How EVs will impact insurance rates


SUPER COOL MOD & Supporting Vendor
Oct 21, 2006
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Edmonton/Sherwood Park
February 27, 2024 by Adam Malik

How EVs will impact insurance rates​

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Canadian electric vehicle owners might face higher insurance premiums in the near future, according to a recent report by Morningstar DBRS.

The shift from traditional gas-powered vehicles to electric alternatives, coupled with the higher costs associated with purchasing and repairing EVs, could lead to an increase in auto insurance rates across Canada, mirroring trends observed in the United Kingdom.

The report highlighted the inherent complexities and costs of electric vehicles, which are often described as “computers on wheels.” Central to their functionality are the batteries, which, if damaged, can lead to significant expenses.

Despite EVs typically having lower maintenance costs than their gas-powered counterparts, the expensive nature of repairs and a shortage of skilled technicians could elevate overall costs, subsequently impacting insurance claims and premiums. Insurance companies reassess premiums annually, taking into account factors such as repair costs, theft, inflation, and claims experience.

In an Auto Service World Conversations podcast episode, Kevin FitzPatrick, senior vice president at OPUS IVS, dug into the reasons why an EV repair — particularly Tesla — is much higher than an ICE vehicle.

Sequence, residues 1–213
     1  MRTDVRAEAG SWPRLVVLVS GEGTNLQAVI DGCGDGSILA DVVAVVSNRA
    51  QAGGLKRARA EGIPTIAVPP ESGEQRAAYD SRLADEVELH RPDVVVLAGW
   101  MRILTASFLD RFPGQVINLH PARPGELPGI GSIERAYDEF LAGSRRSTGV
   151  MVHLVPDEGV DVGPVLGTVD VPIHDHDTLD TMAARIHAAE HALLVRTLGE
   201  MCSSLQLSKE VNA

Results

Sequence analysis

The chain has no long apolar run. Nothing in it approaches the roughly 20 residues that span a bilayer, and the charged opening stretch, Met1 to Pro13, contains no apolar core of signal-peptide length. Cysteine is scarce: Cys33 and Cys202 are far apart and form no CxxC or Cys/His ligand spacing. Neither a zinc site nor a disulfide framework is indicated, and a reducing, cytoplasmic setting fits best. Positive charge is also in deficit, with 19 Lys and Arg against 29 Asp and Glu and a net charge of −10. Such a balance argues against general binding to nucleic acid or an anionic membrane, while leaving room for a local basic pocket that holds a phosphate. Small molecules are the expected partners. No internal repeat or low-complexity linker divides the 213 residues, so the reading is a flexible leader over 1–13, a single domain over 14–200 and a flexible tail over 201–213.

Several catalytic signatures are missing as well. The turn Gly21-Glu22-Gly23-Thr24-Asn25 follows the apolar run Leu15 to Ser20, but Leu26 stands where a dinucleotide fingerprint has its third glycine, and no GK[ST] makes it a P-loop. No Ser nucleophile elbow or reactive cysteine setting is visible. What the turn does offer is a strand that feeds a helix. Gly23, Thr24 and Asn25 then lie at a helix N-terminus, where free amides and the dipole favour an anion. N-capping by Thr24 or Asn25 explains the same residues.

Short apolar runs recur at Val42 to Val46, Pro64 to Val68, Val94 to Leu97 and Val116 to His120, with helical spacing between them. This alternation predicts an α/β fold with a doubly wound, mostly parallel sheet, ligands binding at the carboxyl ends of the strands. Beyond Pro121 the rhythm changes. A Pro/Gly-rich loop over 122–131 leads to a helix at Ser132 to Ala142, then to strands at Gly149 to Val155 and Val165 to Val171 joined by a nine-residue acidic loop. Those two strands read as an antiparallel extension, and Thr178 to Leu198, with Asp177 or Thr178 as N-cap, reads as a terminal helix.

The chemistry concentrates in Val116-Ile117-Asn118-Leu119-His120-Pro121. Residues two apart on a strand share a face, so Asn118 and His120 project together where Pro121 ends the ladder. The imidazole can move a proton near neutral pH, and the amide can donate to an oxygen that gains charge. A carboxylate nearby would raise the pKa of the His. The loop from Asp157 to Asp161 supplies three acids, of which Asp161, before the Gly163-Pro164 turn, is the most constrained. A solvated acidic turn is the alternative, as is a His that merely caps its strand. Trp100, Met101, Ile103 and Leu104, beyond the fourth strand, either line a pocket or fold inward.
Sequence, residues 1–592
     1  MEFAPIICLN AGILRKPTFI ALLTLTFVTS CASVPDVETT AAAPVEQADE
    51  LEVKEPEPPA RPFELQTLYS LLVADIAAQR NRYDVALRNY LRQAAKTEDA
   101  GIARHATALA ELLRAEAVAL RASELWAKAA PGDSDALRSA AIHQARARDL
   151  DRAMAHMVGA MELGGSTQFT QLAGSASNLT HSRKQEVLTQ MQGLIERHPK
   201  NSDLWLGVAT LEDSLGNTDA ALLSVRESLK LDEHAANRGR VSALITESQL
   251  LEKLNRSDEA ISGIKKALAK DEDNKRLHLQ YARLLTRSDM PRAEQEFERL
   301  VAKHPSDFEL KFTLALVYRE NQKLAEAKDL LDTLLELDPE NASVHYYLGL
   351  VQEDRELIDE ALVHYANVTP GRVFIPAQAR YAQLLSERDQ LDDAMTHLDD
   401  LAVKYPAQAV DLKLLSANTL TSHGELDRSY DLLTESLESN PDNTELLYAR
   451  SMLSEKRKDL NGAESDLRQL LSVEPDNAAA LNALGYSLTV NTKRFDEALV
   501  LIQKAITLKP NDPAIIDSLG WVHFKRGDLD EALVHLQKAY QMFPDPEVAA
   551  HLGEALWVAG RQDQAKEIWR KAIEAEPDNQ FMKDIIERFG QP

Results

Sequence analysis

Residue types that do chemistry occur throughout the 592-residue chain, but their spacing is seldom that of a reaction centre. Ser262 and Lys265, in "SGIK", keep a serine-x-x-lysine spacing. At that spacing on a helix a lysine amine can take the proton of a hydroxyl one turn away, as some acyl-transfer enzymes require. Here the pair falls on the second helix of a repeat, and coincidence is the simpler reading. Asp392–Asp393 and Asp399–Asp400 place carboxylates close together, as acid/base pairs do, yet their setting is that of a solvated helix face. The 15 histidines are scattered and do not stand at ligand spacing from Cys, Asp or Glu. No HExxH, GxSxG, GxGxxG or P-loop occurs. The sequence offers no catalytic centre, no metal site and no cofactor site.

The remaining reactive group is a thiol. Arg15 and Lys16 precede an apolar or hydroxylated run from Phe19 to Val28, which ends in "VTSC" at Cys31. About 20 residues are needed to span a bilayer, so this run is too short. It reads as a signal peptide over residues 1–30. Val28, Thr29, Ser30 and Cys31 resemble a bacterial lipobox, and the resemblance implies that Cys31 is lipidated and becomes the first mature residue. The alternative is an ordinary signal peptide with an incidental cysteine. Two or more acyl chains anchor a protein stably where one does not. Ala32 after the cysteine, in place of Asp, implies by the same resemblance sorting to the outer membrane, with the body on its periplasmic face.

“The scarcity of talent, which means that you can charge a premium, and I think people are going to take advantage of that for better or for worse,” he said as one of the reasons.

Car rental company Herz noted earlier this year that it was unloading Teslas from its fleet due to high repair costs.

Currently, high insurance premiums for EV owners have not become a widespread issue in Canada, thanks in part to the gradual adoption rate of electric vehicles. According to Transport Canada, zero-emission vehicles made up 8.9 per cent of light-duty car sales in 2022, up from 5.6 per cent in 2021, based on data from S&P Global Mobility.

Victor Adesanya, vice president of insurance at the ratings agency noted that the highly regulated auto insurance industry will likely help in reducing sudden spikes and sticker shock.

“Provincial governments are responsible for the regulation of auto insurance policies, including the monitoring of claims handling and dispute resolution. Provincial regulators also review and approve requests made by insurers to increase rates before they can be implemented,” he explained. “This could help mitigate the impact of insurance rate increases on the finances of EV owners on renewal or when an EV is registered for the first time.”

However, he noted, insurance rates will trend upward as more claims data is created for insurers in regard to EVs, which will then be reflected in pricing.

“We do not expect this to affect insurers’ profitability or credit ratings in the near to medium term because Canadians insurers are well capitalized and are relatively able to adjust pricing to preserve profitability,” he added.
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